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Hard Numbers: Coal still king in Asia, EU to cut emissions, ESG in the Global South, COVID’s tiny temperature impact

A coal-fired power plant in China. Reuters

638 billion: Investors have poured $638 billion into new coal power plants around the world, with more than 80 percent of them in Asia. Analysts predict that most of these projects will go ahead despite falling demand and environmentalist pushback, as many Asian governments seek to protect their coal sectors from the economic impact of COVID-19.


55: European Union leaders have agreed to cut carbon emissions by at least 55 percent compared to 1990 levels by the end of the decade. The new commitment — included in the EU's hard-fought deal on a $2 trillion coronavirus rescue package — is in line with the bloc's overall pledge to reach "net zero" emissions by 2050.

6: Only six of the world's top 100 most sustainable companies are based in the Global South. Three are in Brazil, two in China, and one in South Africa. While ESG-compliant businesses are doing well in many rich nations, ESG has yet to take off in most developing countries, mainly due to vague ESG criteria and market barriers that limit the flow of global ESG investment to many emerging economies.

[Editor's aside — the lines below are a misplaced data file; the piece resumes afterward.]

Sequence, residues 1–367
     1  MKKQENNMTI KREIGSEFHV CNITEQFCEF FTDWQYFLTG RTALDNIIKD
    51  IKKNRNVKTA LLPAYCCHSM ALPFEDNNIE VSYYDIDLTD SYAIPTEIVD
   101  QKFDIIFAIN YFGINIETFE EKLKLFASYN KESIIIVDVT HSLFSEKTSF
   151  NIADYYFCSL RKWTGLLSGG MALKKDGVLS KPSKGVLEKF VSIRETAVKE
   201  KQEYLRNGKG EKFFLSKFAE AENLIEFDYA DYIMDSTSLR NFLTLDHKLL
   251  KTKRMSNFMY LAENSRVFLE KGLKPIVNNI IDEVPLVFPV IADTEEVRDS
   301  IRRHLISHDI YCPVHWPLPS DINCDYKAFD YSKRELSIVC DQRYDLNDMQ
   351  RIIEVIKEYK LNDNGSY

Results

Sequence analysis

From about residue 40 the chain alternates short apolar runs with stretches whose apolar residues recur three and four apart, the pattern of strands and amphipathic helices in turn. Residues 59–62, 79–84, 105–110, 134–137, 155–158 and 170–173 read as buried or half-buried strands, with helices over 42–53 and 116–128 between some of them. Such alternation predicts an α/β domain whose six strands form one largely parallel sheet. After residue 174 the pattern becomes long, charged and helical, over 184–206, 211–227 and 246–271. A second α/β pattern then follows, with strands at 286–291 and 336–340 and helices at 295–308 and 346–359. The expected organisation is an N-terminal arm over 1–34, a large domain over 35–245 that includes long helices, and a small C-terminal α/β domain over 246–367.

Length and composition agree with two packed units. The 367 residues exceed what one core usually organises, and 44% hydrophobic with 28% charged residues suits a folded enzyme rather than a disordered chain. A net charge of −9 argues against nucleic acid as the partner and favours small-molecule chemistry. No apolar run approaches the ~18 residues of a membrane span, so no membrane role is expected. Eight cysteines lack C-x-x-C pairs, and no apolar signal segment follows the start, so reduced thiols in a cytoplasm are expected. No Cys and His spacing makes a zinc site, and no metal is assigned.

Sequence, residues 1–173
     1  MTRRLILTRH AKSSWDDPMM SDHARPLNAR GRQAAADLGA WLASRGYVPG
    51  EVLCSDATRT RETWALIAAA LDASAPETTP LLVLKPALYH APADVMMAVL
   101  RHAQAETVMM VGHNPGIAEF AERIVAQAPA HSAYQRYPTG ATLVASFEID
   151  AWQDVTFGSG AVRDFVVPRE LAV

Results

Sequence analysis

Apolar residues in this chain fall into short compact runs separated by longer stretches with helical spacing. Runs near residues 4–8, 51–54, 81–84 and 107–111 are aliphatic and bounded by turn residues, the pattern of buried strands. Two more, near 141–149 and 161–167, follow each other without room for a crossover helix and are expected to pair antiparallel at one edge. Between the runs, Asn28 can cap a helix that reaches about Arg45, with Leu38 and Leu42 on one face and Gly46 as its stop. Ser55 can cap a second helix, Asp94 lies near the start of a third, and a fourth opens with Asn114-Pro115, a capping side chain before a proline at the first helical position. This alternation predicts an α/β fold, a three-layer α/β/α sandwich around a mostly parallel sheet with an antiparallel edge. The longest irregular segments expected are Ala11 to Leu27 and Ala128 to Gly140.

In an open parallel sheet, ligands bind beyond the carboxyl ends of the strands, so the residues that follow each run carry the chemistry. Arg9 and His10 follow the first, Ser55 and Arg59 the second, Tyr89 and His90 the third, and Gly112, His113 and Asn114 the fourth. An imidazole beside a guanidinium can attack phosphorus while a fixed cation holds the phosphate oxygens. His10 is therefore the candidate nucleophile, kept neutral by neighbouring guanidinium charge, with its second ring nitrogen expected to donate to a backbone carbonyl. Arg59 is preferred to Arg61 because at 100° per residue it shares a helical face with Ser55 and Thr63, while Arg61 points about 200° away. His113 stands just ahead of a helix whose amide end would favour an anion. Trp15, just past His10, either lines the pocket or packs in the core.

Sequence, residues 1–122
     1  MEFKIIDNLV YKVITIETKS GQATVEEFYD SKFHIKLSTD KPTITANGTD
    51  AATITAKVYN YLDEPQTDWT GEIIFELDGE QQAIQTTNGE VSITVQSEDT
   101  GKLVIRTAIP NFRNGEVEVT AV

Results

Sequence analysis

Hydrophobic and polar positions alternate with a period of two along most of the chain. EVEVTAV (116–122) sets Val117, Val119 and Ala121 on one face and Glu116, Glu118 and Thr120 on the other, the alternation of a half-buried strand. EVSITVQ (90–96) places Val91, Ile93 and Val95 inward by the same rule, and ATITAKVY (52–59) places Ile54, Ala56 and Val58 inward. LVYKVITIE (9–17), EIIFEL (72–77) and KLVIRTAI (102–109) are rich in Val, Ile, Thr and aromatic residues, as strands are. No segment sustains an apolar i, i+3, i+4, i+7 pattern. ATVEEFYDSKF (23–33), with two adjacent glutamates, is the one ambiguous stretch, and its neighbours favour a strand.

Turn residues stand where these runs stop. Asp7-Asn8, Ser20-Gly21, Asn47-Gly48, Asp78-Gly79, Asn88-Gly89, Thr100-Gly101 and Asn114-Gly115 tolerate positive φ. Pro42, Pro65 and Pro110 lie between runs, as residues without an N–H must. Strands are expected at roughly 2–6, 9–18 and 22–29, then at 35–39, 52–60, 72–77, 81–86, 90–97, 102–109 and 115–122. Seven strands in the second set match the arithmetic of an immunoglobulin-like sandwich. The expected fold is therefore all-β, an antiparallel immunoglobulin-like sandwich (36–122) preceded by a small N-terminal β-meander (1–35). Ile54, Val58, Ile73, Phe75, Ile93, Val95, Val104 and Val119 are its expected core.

0.01: The pandemic pushed global carbon emissions down by more than 7 percent this year, the biggest annual drop since World War II. That, however, will only lower global temperatures by a "negligible" 0.01°C thirty years from now.

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